Christine Blasey Ford has repeatedly said that she thinks it’s her civic duty to speak out about the sexual assault allegations she’s brought against Brett Kavanaugh. In powerful opening remarks at Thursday’s Senate hearing, the weight of what that means for the California professor became evident.
Ford grew emotional quickly as she spoke to the Senate Judiciary Committee and recalled Kavanaugh forcing himself on her when she was in high school, attempting to remove her clothing, and covering her mouth when she tried to scream. Kavanaugh has unequivocally denied these allegations.
“I am here today not because I want to be. I am terrified,” Ford said. “I am here because I believe it is my civic duty to tell you what happened to me while Brett Kavanaugh and I were in high school ... I felt I couldn’t not do it.”
Ford’s voice cracked as she began to describe her recollections of the alleged assault — something she was immediately criticized for — as her opening remarks effectively forced her to relive the entire encounter and recount it in detail:
Early in the evening, I went up a narrow set of stairs leading from the living room to a second floor to use the bathroom. When I got to the top of the stairs, I was pushed from behind into a bedroom. I couldn’t see who pushed me.
Brett [Kavanaugh] and Mark [Judge] came into the bedroom and locked the door behind them. There was music already playing in the bedroom. It was turned up louder by either Brett or Mark once we were in the room. I was pushed onto the bed and Brett got on top of me. He began running his hands over my body and grinding his hips into me.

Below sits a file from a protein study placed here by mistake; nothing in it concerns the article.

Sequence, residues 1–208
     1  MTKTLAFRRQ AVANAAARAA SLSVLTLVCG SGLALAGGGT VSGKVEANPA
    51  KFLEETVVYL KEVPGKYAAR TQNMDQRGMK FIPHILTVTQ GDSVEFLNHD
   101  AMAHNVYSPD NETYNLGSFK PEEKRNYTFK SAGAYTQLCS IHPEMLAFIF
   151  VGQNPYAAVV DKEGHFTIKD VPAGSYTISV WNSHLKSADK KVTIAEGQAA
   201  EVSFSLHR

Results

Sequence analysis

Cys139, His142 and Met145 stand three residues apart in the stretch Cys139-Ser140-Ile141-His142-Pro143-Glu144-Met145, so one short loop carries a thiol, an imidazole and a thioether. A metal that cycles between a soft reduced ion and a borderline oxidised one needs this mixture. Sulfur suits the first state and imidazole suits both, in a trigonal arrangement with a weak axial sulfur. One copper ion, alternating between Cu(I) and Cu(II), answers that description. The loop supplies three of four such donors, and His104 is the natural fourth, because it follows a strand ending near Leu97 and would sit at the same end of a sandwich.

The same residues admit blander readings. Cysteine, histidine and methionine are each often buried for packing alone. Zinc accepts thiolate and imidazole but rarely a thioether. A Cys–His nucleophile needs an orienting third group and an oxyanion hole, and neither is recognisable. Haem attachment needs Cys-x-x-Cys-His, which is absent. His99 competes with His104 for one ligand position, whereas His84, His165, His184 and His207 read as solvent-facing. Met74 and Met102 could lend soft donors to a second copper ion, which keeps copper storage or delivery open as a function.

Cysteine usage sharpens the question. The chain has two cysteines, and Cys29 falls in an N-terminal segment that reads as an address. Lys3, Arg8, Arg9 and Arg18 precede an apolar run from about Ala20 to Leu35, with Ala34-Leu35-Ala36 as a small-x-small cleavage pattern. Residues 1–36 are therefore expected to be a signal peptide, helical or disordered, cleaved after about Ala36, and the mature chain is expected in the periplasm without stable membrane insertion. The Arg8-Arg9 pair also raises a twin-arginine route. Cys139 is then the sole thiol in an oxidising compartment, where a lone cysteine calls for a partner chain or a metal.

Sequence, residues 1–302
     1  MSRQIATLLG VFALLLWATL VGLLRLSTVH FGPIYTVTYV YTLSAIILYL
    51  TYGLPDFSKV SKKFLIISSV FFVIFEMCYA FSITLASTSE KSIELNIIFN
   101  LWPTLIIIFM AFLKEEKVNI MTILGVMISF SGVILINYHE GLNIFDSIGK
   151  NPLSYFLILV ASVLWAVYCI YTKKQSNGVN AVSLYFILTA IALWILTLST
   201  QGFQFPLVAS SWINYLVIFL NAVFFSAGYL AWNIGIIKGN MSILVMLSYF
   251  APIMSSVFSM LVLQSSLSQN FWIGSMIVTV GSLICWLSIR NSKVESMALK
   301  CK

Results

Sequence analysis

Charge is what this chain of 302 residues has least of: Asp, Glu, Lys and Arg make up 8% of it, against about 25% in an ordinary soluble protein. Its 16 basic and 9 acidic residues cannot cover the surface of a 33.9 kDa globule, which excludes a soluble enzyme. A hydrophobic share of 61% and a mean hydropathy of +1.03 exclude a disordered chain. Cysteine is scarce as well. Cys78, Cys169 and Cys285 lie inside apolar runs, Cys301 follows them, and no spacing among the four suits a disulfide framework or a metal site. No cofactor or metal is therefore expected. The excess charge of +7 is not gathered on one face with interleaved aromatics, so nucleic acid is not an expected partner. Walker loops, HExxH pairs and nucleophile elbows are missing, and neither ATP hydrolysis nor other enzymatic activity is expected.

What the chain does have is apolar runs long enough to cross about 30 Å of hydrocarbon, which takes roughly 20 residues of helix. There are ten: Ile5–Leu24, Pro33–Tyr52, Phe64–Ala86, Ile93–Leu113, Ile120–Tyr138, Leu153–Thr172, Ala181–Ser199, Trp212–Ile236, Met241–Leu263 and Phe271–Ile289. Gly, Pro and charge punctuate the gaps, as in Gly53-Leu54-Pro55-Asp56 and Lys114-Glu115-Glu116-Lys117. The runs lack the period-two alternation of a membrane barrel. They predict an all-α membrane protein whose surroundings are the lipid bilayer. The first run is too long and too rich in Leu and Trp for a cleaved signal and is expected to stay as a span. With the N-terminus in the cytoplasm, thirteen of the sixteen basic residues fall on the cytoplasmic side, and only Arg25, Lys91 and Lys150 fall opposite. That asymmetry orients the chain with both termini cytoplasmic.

I yelled, hoping someone downstairs might hear me, and tried to get away from him, but his weight was heavy. Brett groped me and tried to take off my clothes. He had a hard time because he was so drunk, and because I was wearing a one-piece bathing suit under my clothes. I believed he was going to rape me. I tried to yell for help.
Ford also described evidence that could corroborate her account, including statements she made during therapy when she had spoken about this incident. Her husband has said he recalls her mentioning Kavanaugh by name.
The main reason the assault even came up in therapy, Ford said, is because she needed to explain why she wanted a second door to her home:
The reason this came up in counseling is that my husband and I had completed an extensive remodel of our home, and I insisted on a second front door, an idea that he and others disagreed with and could not understand. In explaining why I wanted to have a second front door, I described the assault in detail.
I recall saying that the boy who assaulted me could someday be on the US Supreme Court and spoke a bit about his background. My husband recalls that I named my attacker as Brett Kavanaugh.
Ford provided additional insight into her reasoning for coming forward with the allegations, an issue she raised with her Congress member Rep. Anna Eshoo (D-CA) as early as the beginning of July, before President Trump had even selected Kavanaugh as the Supreme Court nominee. Worry about the fallout for herself and her family kept her from going completely public with her identity sooner.
After Kavanaugh was selected and his confirmation was deemed “virtually certain” by the press, Ford said her anxiety only increased. She wondered if it was even worth it to put her reputation on the line and speak out if Kavanaugh was a sure thing. Her “sense of duty,” made her come forward, she told the lawmakers, but not without significant cost:
“My greatest fears have been realized — and the reality has been far worse than what I expected. My family and I have been the target of constant harassment and death threats,” she said. “Apart from the assault itself, these last couple of weeks have been the hardest of my life.”